Despite recent changes, superannuation still remains a very tax effective way to build wealth for the majority of Australians. And when coupled with a clearly defined retirement objective, a smarter superannuation approach can significantly improve your retirement prospects, giving you a greater sense of control and confidence.
So if you're serious about living well in retirement (and enjoying the journey along the way), getting the most out of your super should be a top priority.
which way forward?
Generally, there are three types of superannuation funds - industry, retail and self-managed (SMSF). Each have their own unique sets of advantages and disadvantages, so it's worth getting qualified financial advice.
However, despite what you may have read, any one of these alternatives is a perfectly acceptable option and available to most Australians whether in pension or accumulation phase. Of course, finding the best superannuation solution for you will ultimately depend on your investment experience, your desired level of control, and how much you've already saved.
So don't get discouraged by the advice 'tug-of-war' out there in the marketplace - losing faith in superannuation (quite possibly your second largest financial asset), and settling for mediocre, would be a serious financial mistake.
Getting The Most Out Of Your Super.
For most people, superannuation is likely to be the most important investment they make in their lifetime, apart from the family home. It's also one of the most tax-effective ways you can save your retirement.
This is the first in a series of booklets, called Your super, that Macquarie has developed to help you understand how superannuation works and to give you some tips on how you can get the most out of your super. The focus of this booklet is on the accumulation phase which is the period of time when you are likely to be working and/or contributing to your super.
It aims to answer some common questions about superannuation, including:
the advantages of saving through super
super contribution caps and the tax penalties that may apply if the caps are exceeded
eligibility to contribute to super and restrictions that apply from age 65
the different types of super contributions
how to share some super with a spouse, and
other considerations such as choosing a fund and investment strategy, insurance cover through super and accessing benefits.
Read 'getting the best out of your superannuation savings' from Macquarie.
Super (when life Changes).
When you experience a change in your circumstances, whether planned or unexpected, there are often some important superannuation-related issues to consider.
In this booklet, Macquarie outlines some superannuation-related issues that you will need to consider whenever you go through a lifestyle transition. Often a lifestyle change raises questions about whether you can withdraw your super.
The booklet starts by looking at the superannuation preservation rules, which generally prevent you from accessing your benefits before reaching your preservation age except in limited circumstances, such as if you become permanently disabled and can’t work. It also covers the general tax arrangements for superannuation benefits.
Read 'Superannuation when life changes' from Macquarie.
Making Your Super Go Further.
There are a number of ways to use your superannuation to fund your retirement income. One of the options available
is an account-based pension which can provide you with a convenient, flexible and tax-effective income when you retire.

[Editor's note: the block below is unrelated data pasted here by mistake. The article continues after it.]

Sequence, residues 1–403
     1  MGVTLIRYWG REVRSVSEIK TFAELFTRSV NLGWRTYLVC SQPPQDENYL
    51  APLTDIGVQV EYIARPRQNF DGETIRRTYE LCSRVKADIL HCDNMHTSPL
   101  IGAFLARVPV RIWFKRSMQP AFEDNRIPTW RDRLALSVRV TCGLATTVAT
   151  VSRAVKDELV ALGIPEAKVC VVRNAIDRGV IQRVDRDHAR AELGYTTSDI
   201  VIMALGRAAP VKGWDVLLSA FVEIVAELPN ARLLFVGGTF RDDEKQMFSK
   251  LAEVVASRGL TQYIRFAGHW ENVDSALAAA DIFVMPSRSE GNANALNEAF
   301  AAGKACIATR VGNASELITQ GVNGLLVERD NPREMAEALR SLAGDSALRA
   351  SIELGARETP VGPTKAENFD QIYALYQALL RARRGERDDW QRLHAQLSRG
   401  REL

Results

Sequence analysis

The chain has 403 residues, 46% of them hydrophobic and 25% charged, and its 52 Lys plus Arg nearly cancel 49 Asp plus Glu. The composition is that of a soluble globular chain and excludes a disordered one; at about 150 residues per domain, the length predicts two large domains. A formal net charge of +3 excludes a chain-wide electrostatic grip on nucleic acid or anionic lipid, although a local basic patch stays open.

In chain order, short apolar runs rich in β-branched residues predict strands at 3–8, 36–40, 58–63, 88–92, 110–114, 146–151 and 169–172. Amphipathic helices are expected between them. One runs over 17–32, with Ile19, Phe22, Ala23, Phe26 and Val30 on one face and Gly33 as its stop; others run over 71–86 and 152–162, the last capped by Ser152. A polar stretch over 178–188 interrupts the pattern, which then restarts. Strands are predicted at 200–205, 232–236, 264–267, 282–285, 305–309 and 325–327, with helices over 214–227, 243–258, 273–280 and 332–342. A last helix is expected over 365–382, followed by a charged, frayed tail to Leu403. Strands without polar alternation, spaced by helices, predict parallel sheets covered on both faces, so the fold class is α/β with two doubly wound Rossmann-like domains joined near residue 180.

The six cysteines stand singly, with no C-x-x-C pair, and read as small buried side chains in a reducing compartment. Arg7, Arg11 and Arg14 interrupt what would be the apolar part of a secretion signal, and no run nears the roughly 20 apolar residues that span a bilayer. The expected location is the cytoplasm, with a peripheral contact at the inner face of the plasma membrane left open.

An account-based pension is a common way for retirees to receive their accumulated superannuation benefits in retirement. They can offer significant flexibility in investment choice and how you can receive your income.
This booklet will help you understand the pros and cons of account-based pensions, including:
how to invest in an account-based pension
what levels of income you must receive
how investment returns and payment levels can affect your balance
the tax treatment of payments
what happens to your account-based pension should you die
alternatives to account-based pensions, including fixed payment income streams.
For many retirees, superannuation pension income is supplemented by a full or part-rate age pension. How your account-based pension will be treated under the social security rules is also examined.
Read 'Account-based pensions: Making your super go further' from Macquarie.
Super & Estate Planning.
Estate planning is the process of arranging your financial affairs while you are alive so that when you die, your assets pass to the people you want to receive them, in the way you intend.
Estate planning can also involve taking steps to ensure that your assets are passed on in a tax-effective manner. Superannuation is an important part of estate planning.
This is the fourth in the 'Your super' series of booklets that Macquarie has developed to help you understand how superannuation works and to give you some tips on how you can get the most out of your super. The focus of this booklet is on the treatment of superannuation death benefits and how you can use your superannuation as an estate planning tool.
In this booklet, Macquarie outline how superannuation wealth is treated on death and steps you can take to have some control over who gets your benefits and in some cases, how they are paid. They discuss some issues to consider if you want to provide for specific classes of beneficiaries including minor and adult children, and explain how you can use life insurance to top up your super death benefit. Finally, Macquarie emphasise the importance of taking an integrated approach between super and your broader estate plan.
Read 'Super & estate planning' by Macquarie.
SMSF: Self Managed Super Funds
Thinking about setting-up an SMSF? Please take a look at your dedicated SMSF page for helpful information.